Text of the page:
Nonprofit brings together local businesses to teach financial literacy skills to youth in the community
Baltimore business leaders, teachers and school administrators waited eagerly for more than six years to see their collective dream take shape. On Oct. 12, 2022, all the hard work paid off as the Junior Achievement® Youth Workforce and Innovation Center held its official opening ceremony overlooking the Baltimore business district. Not long after, the first students walked through the doors on Oct. 25.
The new facility is a result of the success of their smaller JA BizTown® facility in Owings Mill, Md. The new Junior Achievement® Youth Workforce and Innovation Center will expand the nonprofit’s experiential work readiness and financial literacy programming from elementary grades to middle and high schoolers. Junior Achievement is supported by both in-person and virtual volunteers that serve as mentors and make a difference in the youth in the community. Chick-fil-A, Inc., along with 45 regional Operators, are all involved, alongside other major local and national corporate contributors.
Expanding the impact
Junior Achievement has a strategic partnership with Baltimore City Schools, which sends about 7,000 elementary students through the program each year. Now, the expanded center can accommodate up to 30,000 students of various ages, providing opportunities for other area schools to get involved. Junior Achievement also plans to begin a high school component in 2023.
“We’re just a few miles from downtown Baltimore, so you can see the skyline,” said Paul Kappel Jr., president and CEO of Junior Achievement of Central Maryland. “We’re thrilled to encompass students from so many schools in the area in a place that hopefully inspires their growth,” he added.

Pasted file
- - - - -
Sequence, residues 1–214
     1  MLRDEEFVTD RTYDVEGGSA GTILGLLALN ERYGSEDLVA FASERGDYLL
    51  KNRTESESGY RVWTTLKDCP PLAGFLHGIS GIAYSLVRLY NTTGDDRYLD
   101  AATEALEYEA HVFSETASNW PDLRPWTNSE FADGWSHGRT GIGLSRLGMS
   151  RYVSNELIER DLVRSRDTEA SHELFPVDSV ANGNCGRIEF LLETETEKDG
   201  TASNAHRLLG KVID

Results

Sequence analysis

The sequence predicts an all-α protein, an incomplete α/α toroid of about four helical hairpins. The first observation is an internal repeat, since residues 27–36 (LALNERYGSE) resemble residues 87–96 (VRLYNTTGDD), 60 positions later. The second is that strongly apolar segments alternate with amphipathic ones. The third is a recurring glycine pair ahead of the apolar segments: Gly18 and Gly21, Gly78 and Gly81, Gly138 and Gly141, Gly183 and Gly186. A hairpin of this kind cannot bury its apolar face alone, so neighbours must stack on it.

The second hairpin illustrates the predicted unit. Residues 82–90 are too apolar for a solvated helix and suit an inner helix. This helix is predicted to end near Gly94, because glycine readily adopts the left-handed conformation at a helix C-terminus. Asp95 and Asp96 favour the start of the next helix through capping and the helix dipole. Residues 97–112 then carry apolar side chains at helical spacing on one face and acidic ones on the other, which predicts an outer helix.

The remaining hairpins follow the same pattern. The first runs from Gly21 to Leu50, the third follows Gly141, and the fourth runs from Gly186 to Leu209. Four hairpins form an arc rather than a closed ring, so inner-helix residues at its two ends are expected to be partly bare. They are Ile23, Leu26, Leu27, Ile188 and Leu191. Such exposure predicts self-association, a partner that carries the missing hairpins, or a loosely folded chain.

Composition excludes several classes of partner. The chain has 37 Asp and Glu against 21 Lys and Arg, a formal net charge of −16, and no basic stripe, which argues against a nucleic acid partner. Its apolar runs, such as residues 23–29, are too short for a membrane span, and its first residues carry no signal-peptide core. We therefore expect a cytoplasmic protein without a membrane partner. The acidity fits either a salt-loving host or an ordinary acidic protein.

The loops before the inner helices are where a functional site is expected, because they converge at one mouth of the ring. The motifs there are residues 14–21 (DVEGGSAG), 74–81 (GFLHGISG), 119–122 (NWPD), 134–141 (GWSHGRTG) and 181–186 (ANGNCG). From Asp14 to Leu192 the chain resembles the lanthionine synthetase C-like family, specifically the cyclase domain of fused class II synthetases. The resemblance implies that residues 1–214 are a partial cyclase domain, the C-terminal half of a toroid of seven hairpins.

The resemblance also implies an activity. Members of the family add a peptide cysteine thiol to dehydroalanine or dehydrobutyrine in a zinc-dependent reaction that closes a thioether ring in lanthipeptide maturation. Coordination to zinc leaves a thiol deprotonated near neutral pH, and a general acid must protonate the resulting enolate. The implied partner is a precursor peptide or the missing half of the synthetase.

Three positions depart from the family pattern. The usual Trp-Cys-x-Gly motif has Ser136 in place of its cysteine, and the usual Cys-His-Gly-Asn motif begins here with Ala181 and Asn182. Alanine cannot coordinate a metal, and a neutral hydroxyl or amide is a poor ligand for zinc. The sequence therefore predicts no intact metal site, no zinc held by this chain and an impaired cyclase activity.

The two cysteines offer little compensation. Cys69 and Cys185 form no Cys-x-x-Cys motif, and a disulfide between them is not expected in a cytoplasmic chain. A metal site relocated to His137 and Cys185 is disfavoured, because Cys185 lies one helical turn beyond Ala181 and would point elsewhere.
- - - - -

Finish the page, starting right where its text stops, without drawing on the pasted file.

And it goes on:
The new, 30,000-square-foot Junior Achievement® Youth Workforce and Innovation Center contains two teaching components, JA BizTown and JA Finance Park®. JA BizTown helps fifth-grade students learn about the connectivity of commerce as they take on various business roles in a miniature town setting. JA Finance Park is designed for middle school students, helping them understand how to build financial capability. As part of the program, students are each assigned a real-life scenario and have to make buying decisions based on a fictitious persona.
A shared vision
Chick-fil-A, Inc. first engaged with Junior Achievement to support a similar Atlanta Discovery Center in 2013. Seth Poor, Operator of Chick-fil-A Station Park in Salt Lake City, first brought the opportunity to Chick-fil-A, Inc. while he was operating a restaurant in south Florida. Efforts have expanded nationwide and looking ahead to early 2023, more than 270 Operators will be involved with 18 capstone locations across the country.
The Chick-fil-A, Inc. corporate social responsibility team and Chick-fil-A® Operators in regional markets partner together to bring to life miniature Chick-fil-A restaurants in JA BizTown facilities as well as event catering throughout the year. In these simulated restaurant environments, students have the opportunity to experience being a Chick-fil-A Operator, Team Member and Marketing Director. In 2021, Chick-fil-A helped empower close to 125,000 students by teaching them the life skills they need to succeed through the partnership with Junior Achievement.
“Our involvement with Junior Achievement aligns with the values of the Chick-fil-A brand,” said Michael Edmonds, Operator of Chick-fil-A Annapolis. “We hire a vast number of young people in our restaurants and work every day to mentor them towards success. That’s what Junior Achievement is about, too — helping prepare today’s students to grow up to be better citizens.”
Understanding the impact
When Paul, who started his career with Junior Achievement 25 years ago, reflects on this new facility, he thinks back to the impactful experiences he has had through the program in Washington, D.C. and Philadelphia.
“I remember a young man telling me that JA BizTown made him want to go to school. That’s a heartwarming achievement when you consider truancy rates in major urban cities,” Paul said. “Our goal is to continue to inspire life-long learning for young people.”